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Home Buyers: How to Make Your Offer Stand Out in a Competitive Market

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The headline and subheader tells us what you're offering, and the form header closes the deal. Over here you can explain why your offer is so great it's worth filling out a form for.

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Neighbors-houses-homes-iStock-jpg.jpgPicture it: you’ve finally found the home that’s absolute perfection. Great square footage, well within your price range, close to your favorite coffee shop, and a low-maintenance yard. You can practically feel the keys in your hand. But wait. First you have to make an offer the seller can’t refuse. How do you master the home buyer art of making a knockout offer in a competitive market? Wyndham Capital Mortgage is here to school you.

 

 

How To Make Your Offer Stand Out in a Competitive Market

 

 

Connect With the Seller

 

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Before you start digging up dirt on other buyers to get them to back off your dream house, you’ll be better off focusing that energy on the seller. Write a letter to the seller that lets her or him know why your offer is the one to choose. Start with what you specifically like about the house before moving on to what you like about the neighborhood.

Be sure to season your letter with a few personal details to make your offer even more appetizing. If the seller has lived in the home for a while, he or she is likely to have formed a deep connection with the property. Knowing the home will be “inherited” by someone who truly appreciates it can make your offer shoot to the top. To make the letter more personal, handwrite it and make sure it’s looked over for proper grammar and punctuation. 

 

Move Quick on the Inspection

 

There’s a chance you might be dealing with a seller who wants to unload the home as quickly as possible. You may improve the chances of your offer’s acceptance if you can have the home inspected within five days, or you can have the home inspected before you submit an offer. Know that with the second option there’s a chance of you wasting money on the inspection if your offer isn’t accepted, so keep that in mind.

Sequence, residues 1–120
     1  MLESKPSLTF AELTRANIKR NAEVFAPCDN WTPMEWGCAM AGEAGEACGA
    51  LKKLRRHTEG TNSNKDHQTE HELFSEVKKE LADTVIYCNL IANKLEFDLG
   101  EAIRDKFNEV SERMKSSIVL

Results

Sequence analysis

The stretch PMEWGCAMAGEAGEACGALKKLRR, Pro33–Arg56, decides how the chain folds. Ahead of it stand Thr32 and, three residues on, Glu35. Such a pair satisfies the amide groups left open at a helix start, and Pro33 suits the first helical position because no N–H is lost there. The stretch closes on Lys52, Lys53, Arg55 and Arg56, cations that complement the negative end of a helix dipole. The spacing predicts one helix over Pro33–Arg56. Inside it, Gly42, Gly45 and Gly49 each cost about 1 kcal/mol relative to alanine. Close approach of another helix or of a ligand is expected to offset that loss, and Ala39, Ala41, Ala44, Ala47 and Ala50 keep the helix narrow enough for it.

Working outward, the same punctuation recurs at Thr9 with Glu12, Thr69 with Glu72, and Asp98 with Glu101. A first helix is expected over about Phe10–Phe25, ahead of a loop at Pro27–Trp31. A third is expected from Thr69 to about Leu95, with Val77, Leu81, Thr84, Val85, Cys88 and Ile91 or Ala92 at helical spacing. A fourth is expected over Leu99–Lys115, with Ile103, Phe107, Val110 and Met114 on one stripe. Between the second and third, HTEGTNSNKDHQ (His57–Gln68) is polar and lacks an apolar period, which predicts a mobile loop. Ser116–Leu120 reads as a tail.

To even out your chances, you can include an “as is” inspection contingency.

 

What this does is lets you know the home’s current condition and lets the seller know you won’t ask for repairs to be done before buying. If it turns out the home does need repairs, you can either take care of them on your own or continue your house hunt.

 

Read: Red Flags When Buying a Home

 

 

Consider Non-Contingent Offers

 

In a competitive home buyer market, you might have to take the occasional risk. While it’s normal for a home purchase contract to have an appraisal and financing contingency, you can waive one or both to improve the chances of your offer’s acceptance. To be clear on the definition of financing and appraisal contingencies, what they mean is you can get your deposit back if you’re either unable to finance the property or if your appraisal fails to support the purchase price.

 

Removing the financing contingency essentially means you’re making a cash offer. With that in mind, it’s best you only consider this option if you can afford to do so. Make sure you’ve been fully approved and that you work with a lender who is familiar with this strategy.

 

As for the appraisal contingency, it’s usually a good option for buyers who are able to make a decent down payment and have a lot of cash in savings. There’s also a chance the listing already requires your offer be non-contingent on appraisal. What this breaks down to is that if the property doesn't appraise for the purchase price, the buyer is responsible for making up the difference in cash. This is because the lender will only finance according to the appraised value. Now do you understand why this option is better reserved for buyers with a surplus of cash?

 

It’s entirely possible to become a successful home buyer in a competitive market. Rather than buy harder, buy smarter.

 

Interested in more tips and tricks to help your home purchase go smoothly? Let us help!  

 

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